Blah Blah Blah Safety

Each day I find at least a few minutes to read through some of the fire service commentary on the prominent social media sites. After all, I’m trying to add to the mix by providing a few things here on Not Just Another Fire, so I like to know what everyone else is talking about, as well. Some of us post news items, while others post training tips or instructional pieces. No matter the type of page or format of the content, the intent is almost always to offer some food for thought before the next run, while often focusing on the aspects of training, firefighter safety, and ultimately, a reduction in LODDs.

There are, of course, the number of pages that regularly post scenarios or photographs of incidents, and then they ask for comments on a theoretical approach, feedback on the approach that was taken, or just general thoughts overall. Unfortunately, so often these particular discussions take a quick turn toward the non-productive, either becoming a bunch of Monday morning quarterbacking at best, and an attack fest on fellow brothers at its worst.

I reached a point recently where I started genuinely worrying about the state of the fire service, and more importantly, the mindset of those who comment the most on many of these sites – as well as the mindset of those who are reading and taking many of these comments to heart. The old adage often holds true that the “squeaky wheel” gets the most attention. But I fear that some of the squeaky wheels I see posting time and again on these sites are voicing opinions that put many of us at a disadvantage as we work so hard to train firefighters to work smarter and safer. In fact, I would go so far as to call a few of these comments dangerous. Today that concern really jumped off the page at me.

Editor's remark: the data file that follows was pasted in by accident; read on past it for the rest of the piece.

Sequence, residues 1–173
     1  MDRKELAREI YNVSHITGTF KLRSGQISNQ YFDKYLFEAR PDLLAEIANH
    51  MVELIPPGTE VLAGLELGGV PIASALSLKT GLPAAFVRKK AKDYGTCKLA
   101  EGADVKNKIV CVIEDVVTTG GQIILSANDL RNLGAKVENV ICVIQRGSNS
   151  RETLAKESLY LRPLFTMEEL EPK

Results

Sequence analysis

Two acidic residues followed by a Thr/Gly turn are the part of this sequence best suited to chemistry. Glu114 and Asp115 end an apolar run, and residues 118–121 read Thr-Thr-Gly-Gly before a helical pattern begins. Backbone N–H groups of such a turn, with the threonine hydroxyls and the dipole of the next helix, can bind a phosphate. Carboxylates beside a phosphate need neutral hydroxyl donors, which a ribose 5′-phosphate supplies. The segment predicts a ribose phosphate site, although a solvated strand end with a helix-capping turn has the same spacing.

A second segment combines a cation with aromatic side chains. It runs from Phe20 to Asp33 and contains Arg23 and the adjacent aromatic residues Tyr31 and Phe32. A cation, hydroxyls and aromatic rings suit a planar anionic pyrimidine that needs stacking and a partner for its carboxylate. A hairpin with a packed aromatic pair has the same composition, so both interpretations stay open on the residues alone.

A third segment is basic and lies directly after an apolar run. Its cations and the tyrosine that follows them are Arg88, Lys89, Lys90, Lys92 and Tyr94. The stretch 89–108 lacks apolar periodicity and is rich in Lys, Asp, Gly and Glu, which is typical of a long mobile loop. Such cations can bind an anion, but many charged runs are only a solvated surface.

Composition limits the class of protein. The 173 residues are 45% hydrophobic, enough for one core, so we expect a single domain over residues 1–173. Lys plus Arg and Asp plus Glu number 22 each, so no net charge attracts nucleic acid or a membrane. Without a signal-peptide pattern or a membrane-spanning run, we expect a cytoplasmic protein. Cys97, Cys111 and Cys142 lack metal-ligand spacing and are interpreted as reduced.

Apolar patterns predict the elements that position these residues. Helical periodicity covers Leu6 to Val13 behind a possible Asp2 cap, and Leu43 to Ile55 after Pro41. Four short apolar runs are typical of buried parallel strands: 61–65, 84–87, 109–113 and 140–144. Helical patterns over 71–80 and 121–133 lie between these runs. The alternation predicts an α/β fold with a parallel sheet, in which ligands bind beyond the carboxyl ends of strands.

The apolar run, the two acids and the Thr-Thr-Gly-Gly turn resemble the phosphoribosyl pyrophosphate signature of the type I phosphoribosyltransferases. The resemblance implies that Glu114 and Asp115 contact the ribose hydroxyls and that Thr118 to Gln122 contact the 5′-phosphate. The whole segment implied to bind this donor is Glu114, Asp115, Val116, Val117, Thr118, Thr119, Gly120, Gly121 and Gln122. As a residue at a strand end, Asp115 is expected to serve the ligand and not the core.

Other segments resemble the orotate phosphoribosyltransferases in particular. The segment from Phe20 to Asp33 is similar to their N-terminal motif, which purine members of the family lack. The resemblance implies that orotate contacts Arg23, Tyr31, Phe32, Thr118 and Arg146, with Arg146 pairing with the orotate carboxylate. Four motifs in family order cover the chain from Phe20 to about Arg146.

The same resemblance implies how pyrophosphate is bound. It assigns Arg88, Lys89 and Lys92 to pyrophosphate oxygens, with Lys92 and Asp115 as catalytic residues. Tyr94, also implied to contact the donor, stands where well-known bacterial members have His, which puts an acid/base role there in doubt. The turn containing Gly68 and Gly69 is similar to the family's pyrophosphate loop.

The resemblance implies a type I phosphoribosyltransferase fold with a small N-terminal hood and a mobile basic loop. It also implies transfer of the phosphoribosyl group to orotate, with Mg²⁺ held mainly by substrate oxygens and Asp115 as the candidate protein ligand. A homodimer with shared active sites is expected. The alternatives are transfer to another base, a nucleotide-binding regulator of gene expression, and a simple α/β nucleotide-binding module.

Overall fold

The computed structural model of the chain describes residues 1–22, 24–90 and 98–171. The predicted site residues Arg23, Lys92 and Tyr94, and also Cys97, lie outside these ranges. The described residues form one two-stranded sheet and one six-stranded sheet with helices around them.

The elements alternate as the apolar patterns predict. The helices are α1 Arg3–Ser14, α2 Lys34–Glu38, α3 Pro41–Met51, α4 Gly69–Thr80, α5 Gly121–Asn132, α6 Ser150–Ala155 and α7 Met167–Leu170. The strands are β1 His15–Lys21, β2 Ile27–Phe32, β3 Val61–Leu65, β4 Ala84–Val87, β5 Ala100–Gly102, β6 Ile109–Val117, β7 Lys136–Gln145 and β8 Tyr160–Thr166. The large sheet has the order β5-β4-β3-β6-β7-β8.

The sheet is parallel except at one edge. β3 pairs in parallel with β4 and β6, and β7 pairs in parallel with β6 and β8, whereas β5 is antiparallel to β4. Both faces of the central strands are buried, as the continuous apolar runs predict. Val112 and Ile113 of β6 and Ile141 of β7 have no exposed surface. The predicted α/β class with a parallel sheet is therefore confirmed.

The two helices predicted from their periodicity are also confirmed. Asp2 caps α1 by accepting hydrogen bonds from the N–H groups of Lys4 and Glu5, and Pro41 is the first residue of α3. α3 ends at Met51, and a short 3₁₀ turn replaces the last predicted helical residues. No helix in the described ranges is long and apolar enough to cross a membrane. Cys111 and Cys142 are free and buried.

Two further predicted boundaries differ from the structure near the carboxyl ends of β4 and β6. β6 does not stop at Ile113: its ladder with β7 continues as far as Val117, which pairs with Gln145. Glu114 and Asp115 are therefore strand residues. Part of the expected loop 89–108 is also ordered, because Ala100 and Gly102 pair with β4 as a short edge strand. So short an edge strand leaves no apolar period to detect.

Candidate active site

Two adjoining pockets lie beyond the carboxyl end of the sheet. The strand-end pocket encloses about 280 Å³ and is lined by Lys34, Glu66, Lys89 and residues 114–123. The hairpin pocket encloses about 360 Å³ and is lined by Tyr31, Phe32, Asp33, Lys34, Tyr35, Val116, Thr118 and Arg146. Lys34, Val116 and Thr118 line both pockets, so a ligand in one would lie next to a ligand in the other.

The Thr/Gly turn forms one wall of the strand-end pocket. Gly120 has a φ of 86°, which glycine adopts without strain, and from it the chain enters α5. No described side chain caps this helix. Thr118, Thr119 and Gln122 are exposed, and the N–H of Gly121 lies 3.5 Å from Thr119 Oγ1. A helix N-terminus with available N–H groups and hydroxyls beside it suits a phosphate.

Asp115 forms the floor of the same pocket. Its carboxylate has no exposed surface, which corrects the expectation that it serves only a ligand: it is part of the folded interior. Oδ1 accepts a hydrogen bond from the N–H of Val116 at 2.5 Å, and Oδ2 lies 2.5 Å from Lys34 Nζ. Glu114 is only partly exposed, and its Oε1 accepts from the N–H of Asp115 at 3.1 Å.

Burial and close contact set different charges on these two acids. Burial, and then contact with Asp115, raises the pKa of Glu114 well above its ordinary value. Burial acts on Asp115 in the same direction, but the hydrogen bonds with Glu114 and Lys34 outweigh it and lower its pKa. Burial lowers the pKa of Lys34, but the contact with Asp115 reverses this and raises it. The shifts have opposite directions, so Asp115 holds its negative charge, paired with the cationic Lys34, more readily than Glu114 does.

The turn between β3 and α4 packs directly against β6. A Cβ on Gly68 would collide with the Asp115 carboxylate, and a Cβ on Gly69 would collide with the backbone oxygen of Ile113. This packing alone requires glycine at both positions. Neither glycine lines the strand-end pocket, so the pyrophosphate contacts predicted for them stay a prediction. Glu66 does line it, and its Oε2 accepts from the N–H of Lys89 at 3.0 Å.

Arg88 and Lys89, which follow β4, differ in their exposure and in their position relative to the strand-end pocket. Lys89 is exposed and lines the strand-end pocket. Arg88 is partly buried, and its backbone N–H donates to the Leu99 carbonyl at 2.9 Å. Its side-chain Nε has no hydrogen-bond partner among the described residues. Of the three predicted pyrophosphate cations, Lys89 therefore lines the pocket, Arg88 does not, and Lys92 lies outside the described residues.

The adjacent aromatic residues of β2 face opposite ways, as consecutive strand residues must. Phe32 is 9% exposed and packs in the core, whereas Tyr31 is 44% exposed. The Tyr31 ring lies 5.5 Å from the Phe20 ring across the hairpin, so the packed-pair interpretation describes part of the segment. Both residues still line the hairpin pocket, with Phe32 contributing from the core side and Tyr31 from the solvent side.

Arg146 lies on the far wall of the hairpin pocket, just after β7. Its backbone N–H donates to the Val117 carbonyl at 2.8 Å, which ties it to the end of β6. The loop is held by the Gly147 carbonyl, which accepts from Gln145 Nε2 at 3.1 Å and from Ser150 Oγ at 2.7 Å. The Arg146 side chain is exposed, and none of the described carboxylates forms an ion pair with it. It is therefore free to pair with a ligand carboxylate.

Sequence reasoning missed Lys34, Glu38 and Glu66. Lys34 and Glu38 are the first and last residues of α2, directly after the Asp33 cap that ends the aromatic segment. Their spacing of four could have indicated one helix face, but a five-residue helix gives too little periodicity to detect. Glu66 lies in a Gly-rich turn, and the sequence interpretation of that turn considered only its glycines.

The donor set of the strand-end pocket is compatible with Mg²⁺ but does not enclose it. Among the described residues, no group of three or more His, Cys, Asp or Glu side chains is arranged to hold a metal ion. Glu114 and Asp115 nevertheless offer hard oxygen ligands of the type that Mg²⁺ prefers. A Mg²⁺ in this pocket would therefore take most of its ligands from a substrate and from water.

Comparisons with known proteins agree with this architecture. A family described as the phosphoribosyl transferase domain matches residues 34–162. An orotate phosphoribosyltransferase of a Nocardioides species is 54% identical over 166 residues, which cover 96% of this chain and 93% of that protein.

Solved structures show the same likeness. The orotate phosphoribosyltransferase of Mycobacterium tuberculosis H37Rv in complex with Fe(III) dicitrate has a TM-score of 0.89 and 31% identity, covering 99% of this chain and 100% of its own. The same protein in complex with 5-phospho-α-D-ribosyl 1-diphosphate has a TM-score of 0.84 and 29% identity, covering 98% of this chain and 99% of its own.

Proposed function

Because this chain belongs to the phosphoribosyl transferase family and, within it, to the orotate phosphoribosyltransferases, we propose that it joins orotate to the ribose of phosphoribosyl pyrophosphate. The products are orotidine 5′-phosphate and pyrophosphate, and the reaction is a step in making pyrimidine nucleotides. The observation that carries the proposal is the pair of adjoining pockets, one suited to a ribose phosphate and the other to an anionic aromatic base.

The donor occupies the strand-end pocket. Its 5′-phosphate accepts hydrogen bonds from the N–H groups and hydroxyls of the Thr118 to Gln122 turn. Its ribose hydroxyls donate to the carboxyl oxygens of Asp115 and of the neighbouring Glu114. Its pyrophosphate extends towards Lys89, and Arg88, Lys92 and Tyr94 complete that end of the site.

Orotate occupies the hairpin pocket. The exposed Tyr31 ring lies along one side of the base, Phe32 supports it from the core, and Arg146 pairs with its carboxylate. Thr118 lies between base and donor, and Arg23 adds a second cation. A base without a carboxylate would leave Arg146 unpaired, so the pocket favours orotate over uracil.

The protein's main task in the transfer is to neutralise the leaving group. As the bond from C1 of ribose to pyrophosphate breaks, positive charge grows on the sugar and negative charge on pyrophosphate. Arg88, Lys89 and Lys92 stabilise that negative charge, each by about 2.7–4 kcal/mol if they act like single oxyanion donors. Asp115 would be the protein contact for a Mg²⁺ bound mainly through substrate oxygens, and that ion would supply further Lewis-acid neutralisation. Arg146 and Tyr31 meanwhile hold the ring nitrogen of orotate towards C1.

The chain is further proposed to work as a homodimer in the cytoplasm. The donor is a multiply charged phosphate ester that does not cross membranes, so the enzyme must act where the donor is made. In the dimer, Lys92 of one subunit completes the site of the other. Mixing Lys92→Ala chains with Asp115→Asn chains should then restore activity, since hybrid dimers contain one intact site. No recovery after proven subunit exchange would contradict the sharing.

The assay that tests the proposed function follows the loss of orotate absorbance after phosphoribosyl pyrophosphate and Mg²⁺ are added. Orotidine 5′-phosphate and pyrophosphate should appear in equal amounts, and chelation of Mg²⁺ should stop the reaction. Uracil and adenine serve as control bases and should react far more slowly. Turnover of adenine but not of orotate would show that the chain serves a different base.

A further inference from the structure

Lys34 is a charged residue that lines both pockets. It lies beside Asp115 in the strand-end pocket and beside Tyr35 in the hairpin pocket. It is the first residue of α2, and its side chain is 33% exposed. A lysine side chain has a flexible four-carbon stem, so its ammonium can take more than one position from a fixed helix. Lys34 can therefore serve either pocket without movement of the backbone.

During my online meandering, a photo caught my eye showing a two-story residence with heavy involvement on the visible sides of the second floor. While the first floor showed little to no involvement, much of the initial discussion started speculating on additional scene information and conditions, along with talk of size-up and a 360. From there, a fair number of comments cited firefighter safety concerns given the unknowns, and thus supported the notion of sticking with a defensive approach, unless other information warranted a different strategy. Of course, in these discussions, that’s when things always start to take a turn.

Anyone who has ever read through a thread of comments on one of these posted scenarios knows just how quickly a firefighter who even thinks about suggesting a defensive approach will immediately be questioned repeatedly. And I’m not talking about questions to clarify why they would suggest that approach, or asking for a better explanation of the approach. I’m talking about the personal attacks questioning his “testicular fortitude,” or in her case, the respective anatomical bravery indicator. Nothing chaps me more than a bunch of comments that start spouting off that someone is a coward and should rethink their interest in the fire service simply because they suggested taking a safe approach, no matter what scenario is being presented.

But this time was different yet again. Beyond the usual banter back and forth about offensive vs defensive and anatomical measurements of bravery, one comment in particular somehow caught my eye.

Post by HFD member

“Blah blah blah safety this safety that… show up, pull a line, go in, give it hell. Hiding from danger is for COPS.”